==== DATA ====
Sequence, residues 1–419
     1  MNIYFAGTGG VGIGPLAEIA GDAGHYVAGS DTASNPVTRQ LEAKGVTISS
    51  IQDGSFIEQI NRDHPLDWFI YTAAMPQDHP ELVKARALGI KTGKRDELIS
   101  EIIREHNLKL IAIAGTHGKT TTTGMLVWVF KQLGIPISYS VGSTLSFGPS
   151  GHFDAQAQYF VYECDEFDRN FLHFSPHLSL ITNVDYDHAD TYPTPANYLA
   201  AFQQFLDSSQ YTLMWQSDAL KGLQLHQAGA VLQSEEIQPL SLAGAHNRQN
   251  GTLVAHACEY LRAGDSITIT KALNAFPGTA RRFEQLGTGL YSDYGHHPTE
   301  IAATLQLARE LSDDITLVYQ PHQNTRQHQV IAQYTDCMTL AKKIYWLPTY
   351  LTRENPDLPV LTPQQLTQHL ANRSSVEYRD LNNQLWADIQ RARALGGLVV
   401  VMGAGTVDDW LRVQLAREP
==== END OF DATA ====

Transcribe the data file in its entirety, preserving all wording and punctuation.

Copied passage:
Sequence, residues 1–419
     1  MNIYFAGTGG VGIGPLAEIA GDAGHYVAGS DTASNPVTRQ LEAKGVTISS
    51  IQDGSFIEQI NRDHPLDWFI YTAAMPQDHP ELVKARALGI KTGKRDELIS
   101  EIIREHNLKL IAIAGTHGKT TTTGMLVWVF KQLGIPISYS VGSTLSFGPS
   151  GHFDAQAQYF VYECDEFDRN FLHFSPHLSL ITNVDYDHAD TYPTPANYLA
   201  AFQQFLDSSQ YTLMWQSDAL KGLQLHQAGA VLQSEEIQPL SLAGAHNRQN
   251  GTLVAHACEY LRAGDSITIT KALNAFPGTA RRFEQLGTGL YSDYGHHPTE
   301  IAATLQLARE LSDDITLVYQ PHQNTRQHQV IAQYTDCMTL AKKIYWLPTY
   351  LTRENPDLPV LTPQQLTQHL ANRSSVEYRD LNNQLWADIQ RARALGGLVV
   401  VMGAGTVDDW LRVQLAREP